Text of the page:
Mattheij had noticed that bulk, unsorted bricks sell for something like €10/kilogram, whereas sets are roughly €40/kg and rare parts go for up to €100/kg. Much of the value of the bricks is in their sorting. If he could reduce the entropy of these bins of unsorted bricks, he could make a tidy profit. While many people do this work by hand, the problem is enormous—just the kind of challenge for a computer. Mattheij writes:

There are 38000+ shapes and there are 100+ possible shades of color (you can roughly tell how old someone is by asking them what lego colors they remember from their youth).

In the following months, Mattheij built a proof-of-concept sorting system using, of course, LEGO. He broke the problem down into a series of sub-problems (including "feeding LEGO reliably from a hopper is surprisingly hard," one of those facts of nature that will stymie even the best system design). After tinkering with the prototype at length, he expanded the system to a surprisingly complex system of conveyer belts (powered by a home treadmill), various pieces of cabinetry, and "copious quantities of crazy glue."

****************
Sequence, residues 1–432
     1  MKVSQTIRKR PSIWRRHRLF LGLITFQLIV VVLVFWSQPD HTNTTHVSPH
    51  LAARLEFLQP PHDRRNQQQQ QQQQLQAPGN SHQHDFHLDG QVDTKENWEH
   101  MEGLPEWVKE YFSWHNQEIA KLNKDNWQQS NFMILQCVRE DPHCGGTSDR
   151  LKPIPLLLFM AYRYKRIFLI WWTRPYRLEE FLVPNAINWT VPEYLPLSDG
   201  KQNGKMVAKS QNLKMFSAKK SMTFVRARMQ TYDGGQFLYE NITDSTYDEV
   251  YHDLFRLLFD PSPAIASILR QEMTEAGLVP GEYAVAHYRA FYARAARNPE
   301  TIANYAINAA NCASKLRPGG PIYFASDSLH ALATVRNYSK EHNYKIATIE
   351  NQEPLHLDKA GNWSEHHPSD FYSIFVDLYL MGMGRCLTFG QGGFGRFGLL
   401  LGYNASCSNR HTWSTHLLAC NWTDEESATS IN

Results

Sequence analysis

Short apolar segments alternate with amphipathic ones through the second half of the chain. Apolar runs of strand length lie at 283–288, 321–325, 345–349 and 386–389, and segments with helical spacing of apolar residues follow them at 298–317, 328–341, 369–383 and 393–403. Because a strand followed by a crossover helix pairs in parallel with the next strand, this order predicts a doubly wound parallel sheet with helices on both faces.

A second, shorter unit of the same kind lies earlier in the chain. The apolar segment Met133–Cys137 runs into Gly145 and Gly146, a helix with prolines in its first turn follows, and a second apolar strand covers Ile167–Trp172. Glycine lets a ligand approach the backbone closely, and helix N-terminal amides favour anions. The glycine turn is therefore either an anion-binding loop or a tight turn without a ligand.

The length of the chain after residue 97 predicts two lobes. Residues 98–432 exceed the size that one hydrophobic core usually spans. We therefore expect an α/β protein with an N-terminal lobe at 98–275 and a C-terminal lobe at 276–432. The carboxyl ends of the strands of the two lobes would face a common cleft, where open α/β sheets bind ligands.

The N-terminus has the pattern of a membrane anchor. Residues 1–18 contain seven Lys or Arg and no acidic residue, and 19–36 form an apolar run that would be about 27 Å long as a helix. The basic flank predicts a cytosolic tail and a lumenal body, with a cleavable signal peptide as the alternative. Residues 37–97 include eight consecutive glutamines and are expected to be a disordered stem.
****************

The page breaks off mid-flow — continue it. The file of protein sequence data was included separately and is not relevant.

Here's a video showing the current system running at low speed:

The key part of the system was running the bricks past a camera paired with a computer running a neural net-based image classifier. That allows the computer (when sufficiently trained on brick images) to recognize bricks and thus categorize them by color, shape, or other parameters. Remember that as bricks pass by, they can be in any orientation, can be dirty, can even be stuck to other pieces. So having a flexible software system is key to recognizing—in a fraction of a second—what a given brick is, in order to sort it out. When a match is found, a jet of compressed air pops the piece off the conveyer belt and into a waiting bin.

After much experimentation, Mattheij rewrote the software (several times in fact) to accomplish a variety of basic tasks. At its core, the system takes images from a webcam and feeds them to a neural network to do the classification. Of course, the neural net needs to be "trained" by showing it lots of images, and telling it what those images represent. Mattheij's breakthrough was allowing the machine to effectively train itself, with guidance: Running pieces through allows the system to take its own photos, make a guess, and build on that guess. As long as Mattheij corrects the incorrect guesses, he ends up with a decent (and self-reinforcing) corpus of training data. As the machine continues running, it can rack up more training, allowing it to recognize a broad variety of pieces on the fly.

Here's another video, focusing on how the pieces move on conveyer belts (running at slow speed so puny humans can follow). You can also see the air jets in action: